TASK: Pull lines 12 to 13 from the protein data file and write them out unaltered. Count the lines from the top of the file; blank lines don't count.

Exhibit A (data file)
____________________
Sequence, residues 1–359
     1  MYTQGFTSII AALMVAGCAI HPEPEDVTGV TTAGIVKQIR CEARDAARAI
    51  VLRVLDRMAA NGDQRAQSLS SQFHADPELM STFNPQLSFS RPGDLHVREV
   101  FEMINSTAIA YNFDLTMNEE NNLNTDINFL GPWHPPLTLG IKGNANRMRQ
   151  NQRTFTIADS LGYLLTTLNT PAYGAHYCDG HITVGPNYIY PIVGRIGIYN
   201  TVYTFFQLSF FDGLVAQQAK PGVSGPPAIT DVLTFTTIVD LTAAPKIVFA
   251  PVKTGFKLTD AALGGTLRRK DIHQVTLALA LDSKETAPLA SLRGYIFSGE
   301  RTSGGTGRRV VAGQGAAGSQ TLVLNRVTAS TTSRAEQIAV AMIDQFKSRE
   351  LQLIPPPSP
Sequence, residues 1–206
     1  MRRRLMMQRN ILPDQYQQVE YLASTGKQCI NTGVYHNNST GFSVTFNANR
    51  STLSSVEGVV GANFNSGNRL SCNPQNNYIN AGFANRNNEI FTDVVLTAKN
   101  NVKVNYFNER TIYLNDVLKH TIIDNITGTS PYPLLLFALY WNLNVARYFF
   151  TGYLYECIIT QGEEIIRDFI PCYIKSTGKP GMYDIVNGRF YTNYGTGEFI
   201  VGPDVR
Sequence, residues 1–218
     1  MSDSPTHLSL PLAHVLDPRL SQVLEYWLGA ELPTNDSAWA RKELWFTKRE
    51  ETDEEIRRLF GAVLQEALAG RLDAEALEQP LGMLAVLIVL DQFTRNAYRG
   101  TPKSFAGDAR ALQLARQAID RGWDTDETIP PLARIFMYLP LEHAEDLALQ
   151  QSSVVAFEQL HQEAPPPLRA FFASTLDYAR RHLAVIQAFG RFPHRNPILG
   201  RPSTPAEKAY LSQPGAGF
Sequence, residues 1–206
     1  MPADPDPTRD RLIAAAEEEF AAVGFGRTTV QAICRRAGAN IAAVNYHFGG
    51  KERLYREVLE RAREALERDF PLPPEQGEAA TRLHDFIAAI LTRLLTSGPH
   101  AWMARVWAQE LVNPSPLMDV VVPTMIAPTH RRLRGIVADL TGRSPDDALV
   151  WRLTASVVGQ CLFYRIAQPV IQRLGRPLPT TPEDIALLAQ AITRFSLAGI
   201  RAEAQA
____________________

    51  STLSSVEGVV GANFNSGNRL SCNPQNNYIN AGFANRNNEI FTDVVLTAKN
   101  NVKVNYFNER TIYLNDVLKH TIIDNITGTS PYPLLLFALY WNLNVARYFF